That idea was roundly rejected by employee groups and Morrison said the school would not proceed with the idea unless all employee groups were willing to go along with it.
“That would be an all-or-nothing proposal, and we couldn’t really ask one group to agree to that if everyone wasn’t going to agree to it,” he said.
In May, the university’s board of trustees “reluctantly” approved a budget that projected an $8.3- million deficit in Queen’s $360- million operating budget for the coming year, a deficit that is projected to swell to $33 million by the spring of 2012. It was the first deficit budget in school history.
At the time they passed that budget, trustees called on the principal to reduce costs in upcoming negotiations with employee groups, including the staff association
St. FX rethinks investments after market meltdown
From Globe and Mail Friday, Jul. 10, 2009
St. Francis Xavier University, the small Nova Scotia campus known for its loyal alumni and distinctive school ring, is rethinking one of its less publicized traditions – risking nearly all the money it gets from donors in the stock market.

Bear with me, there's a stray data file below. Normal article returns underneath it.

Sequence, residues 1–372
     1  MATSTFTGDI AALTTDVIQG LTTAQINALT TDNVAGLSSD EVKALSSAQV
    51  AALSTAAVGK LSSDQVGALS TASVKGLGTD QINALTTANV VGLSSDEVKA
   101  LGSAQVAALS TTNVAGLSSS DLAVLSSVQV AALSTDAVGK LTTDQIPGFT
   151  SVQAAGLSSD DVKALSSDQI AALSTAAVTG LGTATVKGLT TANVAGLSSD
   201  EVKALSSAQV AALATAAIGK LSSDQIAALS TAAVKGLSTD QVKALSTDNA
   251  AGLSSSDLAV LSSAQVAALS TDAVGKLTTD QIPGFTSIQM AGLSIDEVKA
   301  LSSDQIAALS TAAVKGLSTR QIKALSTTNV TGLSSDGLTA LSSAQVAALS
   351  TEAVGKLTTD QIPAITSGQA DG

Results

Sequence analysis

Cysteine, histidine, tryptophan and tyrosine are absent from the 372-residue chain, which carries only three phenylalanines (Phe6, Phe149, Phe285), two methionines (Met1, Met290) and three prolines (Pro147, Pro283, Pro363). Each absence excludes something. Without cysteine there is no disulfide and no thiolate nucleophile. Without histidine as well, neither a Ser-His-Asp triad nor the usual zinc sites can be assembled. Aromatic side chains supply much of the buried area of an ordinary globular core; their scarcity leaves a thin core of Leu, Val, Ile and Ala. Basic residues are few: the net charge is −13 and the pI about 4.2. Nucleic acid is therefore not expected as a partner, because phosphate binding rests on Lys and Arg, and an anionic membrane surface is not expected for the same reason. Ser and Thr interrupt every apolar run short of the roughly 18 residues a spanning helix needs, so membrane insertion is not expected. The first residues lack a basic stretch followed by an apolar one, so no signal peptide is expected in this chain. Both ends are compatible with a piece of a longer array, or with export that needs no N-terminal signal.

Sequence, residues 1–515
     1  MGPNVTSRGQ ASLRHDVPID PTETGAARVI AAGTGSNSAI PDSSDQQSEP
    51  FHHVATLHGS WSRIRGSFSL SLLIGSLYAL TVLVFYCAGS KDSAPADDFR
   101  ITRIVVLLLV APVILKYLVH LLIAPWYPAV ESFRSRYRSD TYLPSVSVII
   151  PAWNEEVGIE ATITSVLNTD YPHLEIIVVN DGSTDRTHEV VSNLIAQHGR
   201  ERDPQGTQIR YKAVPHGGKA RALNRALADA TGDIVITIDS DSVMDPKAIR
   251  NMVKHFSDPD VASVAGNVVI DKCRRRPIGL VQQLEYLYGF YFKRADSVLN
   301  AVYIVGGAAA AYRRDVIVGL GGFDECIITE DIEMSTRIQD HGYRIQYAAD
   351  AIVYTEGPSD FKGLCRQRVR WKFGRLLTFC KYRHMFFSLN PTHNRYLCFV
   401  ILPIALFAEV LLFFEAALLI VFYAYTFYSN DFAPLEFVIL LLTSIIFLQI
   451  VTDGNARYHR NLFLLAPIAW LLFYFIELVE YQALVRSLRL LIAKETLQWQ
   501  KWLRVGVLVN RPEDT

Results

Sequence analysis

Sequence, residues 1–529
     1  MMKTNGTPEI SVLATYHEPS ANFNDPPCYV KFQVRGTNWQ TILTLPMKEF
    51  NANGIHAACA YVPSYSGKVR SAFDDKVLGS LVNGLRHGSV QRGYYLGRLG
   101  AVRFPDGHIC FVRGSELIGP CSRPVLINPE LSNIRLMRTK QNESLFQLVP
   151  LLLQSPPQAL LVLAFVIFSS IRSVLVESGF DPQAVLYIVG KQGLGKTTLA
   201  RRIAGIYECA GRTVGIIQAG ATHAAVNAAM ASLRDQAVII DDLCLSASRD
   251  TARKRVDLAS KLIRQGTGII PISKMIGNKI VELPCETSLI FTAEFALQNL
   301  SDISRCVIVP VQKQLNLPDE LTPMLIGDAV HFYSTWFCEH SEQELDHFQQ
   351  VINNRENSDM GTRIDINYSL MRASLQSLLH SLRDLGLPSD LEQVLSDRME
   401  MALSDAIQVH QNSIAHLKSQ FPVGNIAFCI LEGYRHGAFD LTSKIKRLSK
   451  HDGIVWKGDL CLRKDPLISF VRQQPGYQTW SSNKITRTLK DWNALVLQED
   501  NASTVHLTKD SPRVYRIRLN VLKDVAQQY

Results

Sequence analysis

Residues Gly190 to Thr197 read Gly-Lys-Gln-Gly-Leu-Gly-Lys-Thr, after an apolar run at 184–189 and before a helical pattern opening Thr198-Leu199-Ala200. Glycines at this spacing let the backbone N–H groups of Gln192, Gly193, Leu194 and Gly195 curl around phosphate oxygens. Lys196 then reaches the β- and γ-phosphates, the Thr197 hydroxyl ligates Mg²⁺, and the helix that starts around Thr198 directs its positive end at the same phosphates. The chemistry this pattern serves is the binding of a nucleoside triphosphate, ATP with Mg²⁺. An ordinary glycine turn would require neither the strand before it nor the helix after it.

The unconventional practice – followed by the school with great success for decades – proved disastrous last year when stock prices collapsed and about half the value of the school’s endowment fund was wiped out in a matter of months. The upshot was the worst performance for a university fund in Canada last year and a reduction of about $1-million in the school’s endowment income. That’s prompted cost cutting for this September and some soul searching on the part of the university board members about the way they manage donors’ dollars.
“It was huge,” Ramsay Duff, vice-president finance for St. FX, said in summing up the loss. This time last year – July 6 to be exact – the university hit a high of $100.1-million in its endowment fund, money donors gave to the school to pay for items such as scholarships and academic posts. The market meltdown that followed left the fund with $50.1-million by the end of December, a 43-per-cent drop in value from the start of the year, or about double the average loss for Canadian universities.
The reason: 90 per cent of the St. FX endowment was invested in the Canadian stock market with the rest in U.S. equities. Most other universities put an average of 50 per cent invested in stocks. When markets started tumbling, St. FX had no protection in the form of bonds or other less risky investments to break the fall.